And, after 4 months of training, I found myself at the starting line of the Galveston Half Marathon.
I'm still not very comfortable referring to myself as a "runner," but I did manage to run the full half marathon. I did feel for the guys and gals who were running the full marathon, as they still had another lap around the course.
13 miles is a long, long way to run. I started off well, running between 8:30 and 9:00 for the first 6-7 miles. Then I started to get tired. I got slower and slower throughout the run, which is unfortunate, as I was about 2 and a quarter minutes shy of the pace I'd hoped to complete the half marathon. I don't have the results available yet, but my app on my phone indicates that I finished somewhere around 2:02.
The route was nice. You turn the corner, go up a little bit near the Pleasure Pier (which
just sounds like something from Pinocchio to me), turn right and you're
on the seawall. Running on the seawall was gorgeous - you can't be any
closer to the beach, and there's hardly anyone out in the water. you
run along the seawall for a mile or so, then do a short turnaround and head
back for a few miles before you go up a small incline and through some
resorty-looking area, then back around and into Galveston city again. The meanest thing the planners did was make the stretch after the last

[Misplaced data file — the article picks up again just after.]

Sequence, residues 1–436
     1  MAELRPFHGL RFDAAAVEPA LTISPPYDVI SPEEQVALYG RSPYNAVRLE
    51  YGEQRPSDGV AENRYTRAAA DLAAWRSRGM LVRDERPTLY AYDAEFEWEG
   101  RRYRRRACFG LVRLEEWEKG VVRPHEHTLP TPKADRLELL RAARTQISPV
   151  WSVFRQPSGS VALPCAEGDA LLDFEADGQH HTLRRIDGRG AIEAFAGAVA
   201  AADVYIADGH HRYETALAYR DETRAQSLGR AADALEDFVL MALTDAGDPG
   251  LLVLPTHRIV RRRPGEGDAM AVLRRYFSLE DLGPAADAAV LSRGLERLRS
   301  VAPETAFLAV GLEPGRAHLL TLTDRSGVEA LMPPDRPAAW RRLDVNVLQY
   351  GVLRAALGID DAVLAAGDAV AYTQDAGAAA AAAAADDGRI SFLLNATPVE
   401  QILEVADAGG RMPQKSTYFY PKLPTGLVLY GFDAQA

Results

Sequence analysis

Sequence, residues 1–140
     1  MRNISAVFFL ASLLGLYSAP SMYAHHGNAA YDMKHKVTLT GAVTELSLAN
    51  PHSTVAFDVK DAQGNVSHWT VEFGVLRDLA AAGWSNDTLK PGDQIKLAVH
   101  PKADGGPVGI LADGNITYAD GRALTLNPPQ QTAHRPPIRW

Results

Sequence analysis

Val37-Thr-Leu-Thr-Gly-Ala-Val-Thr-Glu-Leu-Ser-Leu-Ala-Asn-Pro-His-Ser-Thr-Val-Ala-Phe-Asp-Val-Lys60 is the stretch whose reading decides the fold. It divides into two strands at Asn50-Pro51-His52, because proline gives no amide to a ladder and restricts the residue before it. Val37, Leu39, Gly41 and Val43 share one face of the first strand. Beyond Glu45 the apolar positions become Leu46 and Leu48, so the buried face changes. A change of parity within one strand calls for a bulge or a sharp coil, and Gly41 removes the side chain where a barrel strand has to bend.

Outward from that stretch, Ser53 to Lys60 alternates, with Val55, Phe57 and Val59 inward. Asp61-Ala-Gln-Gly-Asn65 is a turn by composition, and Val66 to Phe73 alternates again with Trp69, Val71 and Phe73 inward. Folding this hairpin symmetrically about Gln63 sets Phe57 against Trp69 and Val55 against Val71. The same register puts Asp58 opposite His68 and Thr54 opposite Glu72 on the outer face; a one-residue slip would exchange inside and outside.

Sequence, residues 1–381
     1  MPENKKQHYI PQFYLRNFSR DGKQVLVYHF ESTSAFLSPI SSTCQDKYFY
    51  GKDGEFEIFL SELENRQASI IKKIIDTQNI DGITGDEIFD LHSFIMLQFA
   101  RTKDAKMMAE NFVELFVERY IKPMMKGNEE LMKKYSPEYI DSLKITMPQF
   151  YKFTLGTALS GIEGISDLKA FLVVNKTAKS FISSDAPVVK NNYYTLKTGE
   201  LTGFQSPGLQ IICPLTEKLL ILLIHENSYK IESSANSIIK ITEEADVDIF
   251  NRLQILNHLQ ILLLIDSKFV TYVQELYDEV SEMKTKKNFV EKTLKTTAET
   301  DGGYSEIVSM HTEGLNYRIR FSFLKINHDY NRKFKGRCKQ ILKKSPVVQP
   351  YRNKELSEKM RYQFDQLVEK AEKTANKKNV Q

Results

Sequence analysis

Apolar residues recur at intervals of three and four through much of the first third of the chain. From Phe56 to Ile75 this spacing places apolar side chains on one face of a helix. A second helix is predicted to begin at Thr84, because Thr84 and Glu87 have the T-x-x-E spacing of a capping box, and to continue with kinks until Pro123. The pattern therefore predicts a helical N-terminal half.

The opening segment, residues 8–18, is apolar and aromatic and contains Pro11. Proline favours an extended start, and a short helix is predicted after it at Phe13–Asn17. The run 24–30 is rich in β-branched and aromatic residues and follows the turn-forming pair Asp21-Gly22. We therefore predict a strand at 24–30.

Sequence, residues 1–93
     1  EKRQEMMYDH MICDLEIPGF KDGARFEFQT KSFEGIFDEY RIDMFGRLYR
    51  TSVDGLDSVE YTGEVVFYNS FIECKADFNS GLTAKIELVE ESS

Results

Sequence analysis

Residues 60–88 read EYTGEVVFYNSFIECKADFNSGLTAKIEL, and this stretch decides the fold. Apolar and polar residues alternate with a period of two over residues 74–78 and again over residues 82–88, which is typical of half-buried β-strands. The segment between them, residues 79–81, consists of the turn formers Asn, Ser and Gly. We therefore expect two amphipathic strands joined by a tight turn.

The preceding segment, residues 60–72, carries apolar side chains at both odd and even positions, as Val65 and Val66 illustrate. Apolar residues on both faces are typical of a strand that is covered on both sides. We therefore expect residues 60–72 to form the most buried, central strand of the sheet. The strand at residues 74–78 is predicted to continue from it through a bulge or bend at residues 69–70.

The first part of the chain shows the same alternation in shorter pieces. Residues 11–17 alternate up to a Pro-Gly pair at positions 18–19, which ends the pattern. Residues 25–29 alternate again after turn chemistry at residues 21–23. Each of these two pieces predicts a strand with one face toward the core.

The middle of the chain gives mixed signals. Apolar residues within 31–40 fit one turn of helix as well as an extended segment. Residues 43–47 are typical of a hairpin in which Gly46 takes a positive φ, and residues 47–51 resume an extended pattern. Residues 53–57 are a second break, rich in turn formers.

turn like 10 city blocks. These aren't normal city blocks, though -
these are industrial strength, Texas sized city blocks, to match the
Texas sized last mile, which by my estimation was about 7.3 standard
miles. It's rather disheartening to run block after block without
seeing the finish line get any closer. But, I did keep going. I'm
happy to say that I did run the entire race, and then very quickly made
it to the port-o-can, because I had to go from about the 0.4 mile mark.
I think, if they were to ask my input, the one thing I'd request, not that they care, or that it might even be feasible, is that they reverse the route, so that you're running along the seawall for the last portion of the race. That 10 block run at the end would be much less daunting at the beginning, in my opinion.
Galveston was a nice location for a half (or full, I'm sure) marathon, but I'm not sure I'm going to sign up again next year. We'll have to see how I'm feeling. I was really wiped by the end of this. Part of it might have been the temperature - I'd been training between 30-50 degrees, but the run day temperature was in the mid-60s, which was less pleasant than I'd hoped, oddly.
I do feel better now, if a little tired.